If two teams in the same division group want to solve the same problem, your school will need to purchase a second membership, come up with a way to have teams choose different problems, or hold a tryout before the tournament to see which team will compete.
This does not apply to the Primary division. Your school can have as many K-2 grade teams as they wish.
You can have teams send you their top 2 or 3 choices for long-term problems by a certain date. Then figure out a fair way of deciding which teams get their first choice, if two teams have selected the same problem as their first choice. Typically, if you have 3 teams in the same division, you can make it work with one membership and each team choosing a different problem. If you have 4 or more teams in the same division, you may want to look into purchasing a second membership.
Register the teams.
- You can do this, or remind the coach(es) to register their team and include your email as the school email.
- It is important that they provide their own email address and cell phone number, should regional officials need to contact them.
- At no time, should the school’s number be used as a main contact number. Registration for the Regional Competition is completed in the Member’s Area of the national website. Usually this should wait until December, to see if the team has the same team members and is still doing the same problem.
- Again, the region needs the Coach’s cell phone and email, not yours.
Solicit teachers and other adults, not related to team members, to be tournament judges.
- The tournament judges are all volunteers. They should enjoy watching student creativity in action and should not expect to see their child’s performance at the tournament.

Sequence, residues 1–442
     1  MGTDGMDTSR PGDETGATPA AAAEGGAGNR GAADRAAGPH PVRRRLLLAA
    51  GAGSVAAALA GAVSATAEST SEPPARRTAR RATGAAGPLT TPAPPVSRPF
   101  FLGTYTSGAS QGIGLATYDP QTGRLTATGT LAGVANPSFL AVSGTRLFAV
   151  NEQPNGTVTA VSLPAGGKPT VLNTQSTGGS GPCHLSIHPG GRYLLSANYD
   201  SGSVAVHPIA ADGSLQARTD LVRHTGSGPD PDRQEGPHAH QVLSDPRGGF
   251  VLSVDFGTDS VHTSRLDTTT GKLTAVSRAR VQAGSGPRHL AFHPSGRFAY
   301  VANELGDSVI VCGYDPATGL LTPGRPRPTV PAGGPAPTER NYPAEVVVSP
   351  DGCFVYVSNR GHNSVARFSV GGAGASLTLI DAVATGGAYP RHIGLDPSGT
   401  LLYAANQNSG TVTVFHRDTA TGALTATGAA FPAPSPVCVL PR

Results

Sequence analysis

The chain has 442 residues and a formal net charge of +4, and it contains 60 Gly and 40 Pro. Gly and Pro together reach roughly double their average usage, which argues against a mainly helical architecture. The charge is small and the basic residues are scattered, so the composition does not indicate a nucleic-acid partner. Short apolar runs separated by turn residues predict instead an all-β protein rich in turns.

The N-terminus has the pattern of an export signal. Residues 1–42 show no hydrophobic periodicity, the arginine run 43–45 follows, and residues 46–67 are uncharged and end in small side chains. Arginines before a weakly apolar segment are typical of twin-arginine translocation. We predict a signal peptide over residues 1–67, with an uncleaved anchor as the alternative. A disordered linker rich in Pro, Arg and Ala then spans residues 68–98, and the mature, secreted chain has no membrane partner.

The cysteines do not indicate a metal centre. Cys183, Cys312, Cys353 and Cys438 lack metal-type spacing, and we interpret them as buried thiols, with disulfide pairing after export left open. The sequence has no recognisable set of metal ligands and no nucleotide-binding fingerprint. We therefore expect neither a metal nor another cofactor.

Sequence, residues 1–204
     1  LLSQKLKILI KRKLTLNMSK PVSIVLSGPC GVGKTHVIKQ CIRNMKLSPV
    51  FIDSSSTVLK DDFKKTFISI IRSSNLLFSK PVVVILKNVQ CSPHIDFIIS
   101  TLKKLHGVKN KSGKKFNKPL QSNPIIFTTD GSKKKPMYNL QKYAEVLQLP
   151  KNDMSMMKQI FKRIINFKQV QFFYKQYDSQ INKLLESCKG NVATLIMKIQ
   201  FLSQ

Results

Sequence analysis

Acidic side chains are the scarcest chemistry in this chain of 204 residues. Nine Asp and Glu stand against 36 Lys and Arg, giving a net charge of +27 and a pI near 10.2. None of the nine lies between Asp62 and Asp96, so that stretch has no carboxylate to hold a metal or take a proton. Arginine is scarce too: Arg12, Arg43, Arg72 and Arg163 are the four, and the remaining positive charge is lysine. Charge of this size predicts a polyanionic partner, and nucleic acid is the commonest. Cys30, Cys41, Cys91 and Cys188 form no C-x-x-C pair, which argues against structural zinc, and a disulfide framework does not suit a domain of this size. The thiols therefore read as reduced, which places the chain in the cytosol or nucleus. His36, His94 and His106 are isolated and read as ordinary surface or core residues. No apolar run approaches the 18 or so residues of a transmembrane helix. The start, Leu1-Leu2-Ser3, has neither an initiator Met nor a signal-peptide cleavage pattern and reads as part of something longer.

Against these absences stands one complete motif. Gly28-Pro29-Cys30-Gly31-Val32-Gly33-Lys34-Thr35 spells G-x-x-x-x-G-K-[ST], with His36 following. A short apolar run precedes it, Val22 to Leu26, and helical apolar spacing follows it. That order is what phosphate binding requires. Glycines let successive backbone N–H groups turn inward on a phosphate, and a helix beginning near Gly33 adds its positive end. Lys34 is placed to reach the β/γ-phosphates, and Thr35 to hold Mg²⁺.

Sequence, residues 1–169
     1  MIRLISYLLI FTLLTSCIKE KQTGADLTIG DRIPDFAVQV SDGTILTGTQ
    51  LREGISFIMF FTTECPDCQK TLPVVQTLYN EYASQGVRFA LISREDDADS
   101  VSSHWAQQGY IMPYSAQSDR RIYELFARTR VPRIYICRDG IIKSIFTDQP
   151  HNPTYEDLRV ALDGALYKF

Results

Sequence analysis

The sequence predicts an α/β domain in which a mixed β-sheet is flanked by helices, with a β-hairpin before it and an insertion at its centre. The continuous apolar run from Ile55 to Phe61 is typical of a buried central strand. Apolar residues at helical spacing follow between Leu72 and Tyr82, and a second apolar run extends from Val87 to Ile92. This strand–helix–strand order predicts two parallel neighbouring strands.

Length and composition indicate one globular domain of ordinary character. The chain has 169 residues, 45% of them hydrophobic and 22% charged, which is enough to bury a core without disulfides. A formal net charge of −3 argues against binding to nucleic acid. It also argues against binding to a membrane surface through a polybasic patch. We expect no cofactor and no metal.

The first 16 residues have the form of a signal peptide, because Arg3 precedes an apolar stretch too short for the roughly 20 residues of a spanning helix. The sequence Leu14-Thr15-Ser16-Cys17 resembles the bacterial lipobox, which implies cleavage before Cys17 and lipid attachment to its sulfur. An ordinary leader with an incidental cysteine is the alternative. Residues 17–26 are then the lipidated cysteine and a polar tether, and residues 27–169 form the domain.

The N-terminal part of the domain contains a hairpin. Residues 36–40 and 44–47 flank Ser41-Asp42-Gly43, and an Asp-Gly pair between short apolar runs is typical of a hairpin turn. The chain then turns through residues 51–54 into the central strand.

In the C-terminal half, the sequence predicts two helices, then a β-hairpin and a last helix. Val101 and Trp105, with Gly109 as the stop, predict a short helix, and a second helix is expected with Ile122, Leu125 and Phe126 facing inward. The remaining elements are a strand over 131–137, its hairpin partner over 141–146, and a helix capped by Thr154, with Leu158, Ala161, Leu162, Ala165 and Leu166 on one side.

- If they are the relative of a child performing on a team, they will be assigned a different problem to judge.
- All judges receive training in February for the March 12 tournament.
Pay the tournament fees on time.
- After you register the team you will receive a notice of how much it costs each team for the local tournament ($65 per team, $45 per team in Primary division), and where to send the check.
- There is an additional $100 per team penalty if you register after the deadline (sometime late January/early February).
Schedule a Dress Rehearsal.
- About a week before the tournament, it’s a great idea to have a low key, celebration of your school’s teams and let them practice in front of family and friends.
- This event works best on the Friday evening of the weekend before the tournament. The night custodian is still available on a Friday, rather than a Saturday. Teams then have a couple of days to fix things that didn’t work or weren’t ready.
- Encourage teams to share what they have so far. Many teams will still be finishing things.
- Do not make it a school-wide presentation, this will make teams too nervous.
- Have a timer/announcer introduce the team and the coach(es) to the audience. Teams should practice moving their sets and/or props from a taped off starting location (off to one side) to a center stage performance area, as the timer says, “Team you may BEGIN” and starts the time. Timer privately shows the coach the time at the end of the performance.
- Have the team pose for a team picture at the end.
- This is also a good time to confirm parents as your school’s tournament volunteers.
At the tournament…
Enjoy watching your membership’s teams perform!